Julie shares the story of how what seemed on the surface to be a confusing set of circumstances in her life led to a greater understanding of the way God is constantly at work behind the scenes. “I’m just continually in awe of God’s sovereign hand and how He directs our lives if we submit to that, if we ask Him to.” From a dream job in Aspen, Colorado to serving at House of Blessing Orphanage in Mexico, Julie’s journey will encourage and inspire you. Dreams do come true.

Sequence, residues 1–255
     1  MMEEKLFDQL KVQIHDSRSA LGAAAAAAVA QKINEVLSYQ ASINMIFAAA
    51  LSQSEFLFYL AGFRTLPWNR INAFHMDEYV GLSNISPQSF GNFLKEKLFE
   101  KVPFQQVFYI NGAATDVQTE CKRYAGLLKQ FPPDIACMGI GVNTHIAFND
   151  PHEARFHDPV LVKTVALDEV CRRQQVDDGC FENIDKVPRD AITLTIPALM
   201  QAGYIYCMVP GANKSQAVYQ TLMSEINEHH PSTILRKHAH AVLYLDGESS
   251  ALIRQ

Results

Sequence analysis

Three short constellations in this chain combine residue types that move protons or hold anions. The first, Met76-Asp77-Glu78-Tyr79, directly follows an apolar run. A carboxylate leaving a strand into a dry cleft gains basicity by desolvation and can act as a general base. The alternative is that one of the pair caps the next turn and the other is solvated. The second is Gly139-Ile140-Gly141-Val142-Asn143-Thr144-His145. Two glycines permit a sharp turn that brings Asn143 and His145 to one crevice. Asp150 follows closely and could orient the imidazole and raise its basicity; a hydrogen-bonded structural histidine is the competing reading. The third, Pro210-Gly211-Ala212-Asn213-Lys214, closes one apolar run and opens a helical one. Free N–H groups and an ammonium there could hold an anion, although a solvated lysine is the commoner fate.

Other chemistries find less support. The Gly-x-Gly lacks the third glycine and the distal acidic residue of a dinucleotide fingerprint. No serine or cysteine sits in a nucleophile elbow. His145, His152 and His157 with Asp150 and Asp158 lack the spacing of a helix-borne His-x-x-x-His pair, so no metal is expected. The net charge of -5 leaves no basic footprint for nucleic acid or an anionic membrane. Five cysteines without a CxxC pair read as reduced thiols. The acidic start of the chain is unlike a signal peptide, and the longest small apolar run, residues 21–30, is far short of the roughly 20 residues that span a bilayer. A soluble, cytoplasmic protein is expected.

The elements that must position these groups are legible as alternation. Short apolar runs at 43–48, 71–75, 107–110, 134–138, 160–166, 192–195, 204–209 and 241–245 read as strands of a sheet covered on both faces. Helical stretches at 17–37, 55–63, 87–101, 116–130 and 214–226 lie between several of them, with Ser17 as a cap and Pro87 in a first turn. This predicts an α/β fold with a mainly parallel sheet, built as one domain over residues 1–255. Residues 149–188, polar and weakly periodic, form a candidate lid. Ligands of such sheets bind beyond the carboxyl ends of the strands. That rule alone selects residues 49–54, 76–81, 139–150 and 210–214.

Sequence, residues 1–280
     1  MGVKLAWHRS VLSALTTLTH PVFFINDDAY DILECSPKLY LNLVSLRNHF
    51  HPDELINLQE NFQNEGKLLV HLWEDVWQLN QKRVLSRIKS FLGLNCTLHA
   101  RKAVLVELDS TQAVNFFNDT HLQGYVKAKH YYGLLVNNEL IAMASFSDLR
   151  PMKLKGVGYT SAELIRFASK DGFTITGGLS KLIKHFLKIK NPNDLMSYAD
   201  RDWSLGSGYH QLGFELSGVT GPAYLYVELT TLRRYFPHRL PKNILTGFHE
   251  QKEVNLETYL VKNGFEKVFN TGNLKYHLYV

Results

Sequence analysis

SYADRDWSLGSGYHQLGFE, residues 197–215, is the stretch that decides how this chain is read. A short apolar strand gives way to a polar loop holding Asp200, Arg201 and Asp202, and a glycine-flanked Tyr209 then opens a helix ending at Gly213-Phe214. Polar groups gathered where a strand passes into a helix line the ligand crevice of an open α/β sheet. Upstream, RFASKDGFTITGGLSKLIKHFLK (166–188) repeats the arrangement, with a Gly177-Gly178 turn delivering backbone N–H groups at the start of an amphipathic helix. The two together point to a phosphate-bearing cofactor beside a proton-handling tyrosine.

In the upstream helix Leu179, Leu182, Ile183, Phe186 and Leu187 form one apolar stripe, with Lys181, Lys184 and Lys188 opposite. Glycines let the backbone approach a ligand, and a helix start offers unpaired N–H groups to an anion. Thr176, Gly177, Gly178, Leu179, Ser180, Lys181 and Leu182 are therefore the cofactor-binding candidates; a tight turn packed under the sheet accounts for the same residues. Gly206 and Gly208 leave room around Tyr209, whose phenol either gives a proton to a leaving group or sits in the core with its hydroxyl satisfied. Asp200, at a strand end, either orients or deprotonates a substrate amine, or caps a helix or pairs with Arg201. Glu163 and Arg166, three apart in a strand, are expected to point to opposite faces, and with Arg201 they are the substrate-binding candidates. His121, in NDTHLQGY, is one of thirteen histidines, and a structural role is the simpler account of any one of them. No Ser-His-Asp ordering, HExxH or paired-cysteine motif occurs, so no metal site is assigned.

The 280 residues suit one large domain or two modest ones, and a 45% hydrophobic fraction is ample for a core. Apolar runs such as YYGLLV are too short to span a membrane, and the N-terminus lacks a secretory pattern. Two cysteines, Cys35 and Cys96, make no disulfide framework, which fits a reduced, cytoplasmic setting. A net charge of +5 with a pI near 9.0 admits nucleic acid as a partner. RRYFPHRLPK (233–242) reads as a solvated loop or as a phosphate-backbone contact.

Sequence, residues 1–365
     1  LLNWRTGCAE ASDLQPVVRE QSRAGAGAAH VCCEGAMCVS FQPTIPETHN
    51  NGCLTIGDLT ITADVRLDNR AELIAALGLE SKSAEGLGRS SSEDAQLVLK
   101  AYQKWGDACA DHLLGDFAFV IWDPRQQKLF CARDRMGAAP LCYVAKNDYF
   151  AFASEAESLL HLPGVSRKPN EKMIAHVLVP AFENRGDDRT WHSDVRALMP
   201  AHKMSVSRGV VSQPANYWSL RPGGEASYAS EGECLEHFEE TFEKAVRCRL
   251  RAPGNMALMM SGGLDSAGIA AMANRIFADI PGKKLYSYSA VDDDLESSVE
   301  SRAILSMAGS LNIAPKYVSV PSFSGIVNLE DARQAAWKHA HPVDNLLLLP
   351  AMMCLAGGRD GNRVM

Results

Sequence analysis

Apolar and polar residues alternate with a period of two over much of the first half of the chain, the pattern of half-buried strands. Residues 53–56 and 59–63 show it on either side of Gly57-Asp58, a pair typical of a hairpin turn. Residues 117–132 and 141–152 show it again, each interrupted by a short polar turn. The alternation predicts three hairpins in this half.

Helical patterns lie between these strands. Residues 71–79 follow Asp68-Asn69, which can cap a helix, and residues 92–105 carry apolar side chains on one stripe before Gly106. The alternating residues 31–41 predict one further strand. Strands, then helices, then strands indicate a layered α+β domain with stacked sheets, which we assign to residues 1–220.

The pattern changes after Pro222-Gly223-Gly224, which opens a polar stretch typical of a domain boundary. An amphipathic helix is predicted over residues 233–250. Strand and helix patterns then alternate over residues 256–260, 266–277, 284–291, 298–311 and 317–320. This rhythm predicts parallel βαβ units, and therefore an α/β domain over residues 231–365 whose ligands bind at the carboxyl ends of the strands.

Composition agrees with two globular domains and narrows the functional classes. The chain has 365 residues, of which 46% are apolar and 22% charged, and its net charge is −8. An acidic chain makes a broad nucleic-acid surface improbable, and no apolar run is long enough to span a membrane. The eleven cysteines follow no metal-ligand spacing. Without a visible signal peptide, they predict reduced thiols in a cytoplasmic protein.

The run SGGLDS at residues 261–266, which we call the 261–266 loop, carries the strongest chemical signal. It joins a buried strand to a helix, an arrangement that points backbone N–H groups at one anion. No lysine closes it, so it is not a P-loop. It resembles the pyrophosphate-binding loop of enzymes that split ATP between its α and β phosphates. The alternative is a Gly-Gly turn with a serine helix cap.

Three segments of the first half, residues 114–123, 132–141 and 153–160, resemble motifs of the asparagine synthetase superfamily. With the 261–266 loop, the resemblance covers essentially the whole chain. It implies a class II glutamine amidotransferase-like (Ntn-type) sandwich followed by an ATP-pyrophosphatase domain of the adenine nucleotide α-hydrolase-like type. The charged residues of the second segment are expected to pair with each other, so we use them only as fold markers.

Pastor Daniel talks with fellow church planter Pastor Cameron Barber from Calvary South Sound in Lakewood, Washington about the nature of work as worship. What is it like being a bi-vocational pastor? Cameron talks about working as an auto mechanic, landscaper, armored truck driver and courier, among other jobs he has held while also working as a pastor in the ministry. How does he see work as something of value? What does the Bible tell us about work? “The Bible tells us that, from the beginning, Adam was working. He was naming and categorizing animals…he had responsibilities before the Fall.” The idea that work is a result of the Fall is not true. “God designed us to work. Work is not a curse.” Work has suffered as a result of the curse, but God has redeemed it for us. “It is our job to go back into that marketplace and to love people right where they are. God has redeemed work.” Colossians 3:17: “And whatever you do, in word or deed, do everything in the name of the Lord Jesus, giving thanks to God the Father through him.” How is seeing work as worship valuable? What exactly is the value God brings when He says you can worship Him through work? Cameron shares his view of the aesthetics of work, that work is inherently beautiful because God has made it so. It’s a transformational concept that Pastor Daniel really likes a lot! Cameron says, “I will always be a bi-vocational pastor because I see the fruit of it. But I’m a pastor. The gospel is always going to come out.” Through natural interactions in the workplace, conversations happen in which Jesus and the gospel are reasonable. Because you are putting it back out there for people to hear. Paul did this all through the book of Acts. He was the first bi-vocational pastor. He made tents for a living. “God opens doors everywhere. And it is probably the most effective tool for the gospel, for missions, on the planet.” What are the effects of approaching work as worship, God using us where He has placed us in the marketplace? Pastor Cameron shares his heart for the mission field of America. “In reality the greatest mission field is here at home. And it is accessible through work.” What are some practical tips for approaching work as worship? Understand that your purpose in life is to glorify God in all you do. Be the best employee you can be. Realize people are broken. Listen to them. Tell people you work with that you love Jesus and live for Him. Be open to the opportunities God puts in front of you. “It is amazing the number of times you can connect what people are sharing with you to the gospel. That’s God. I don’t do that. It’s Him.” Some people won’t want to hear it, but it’s not our job to look at the result. It’s our job to plant the seeds of the gospel. Be encouraged by this great message as you go to work this week, or even today, May you do it for God’s glory.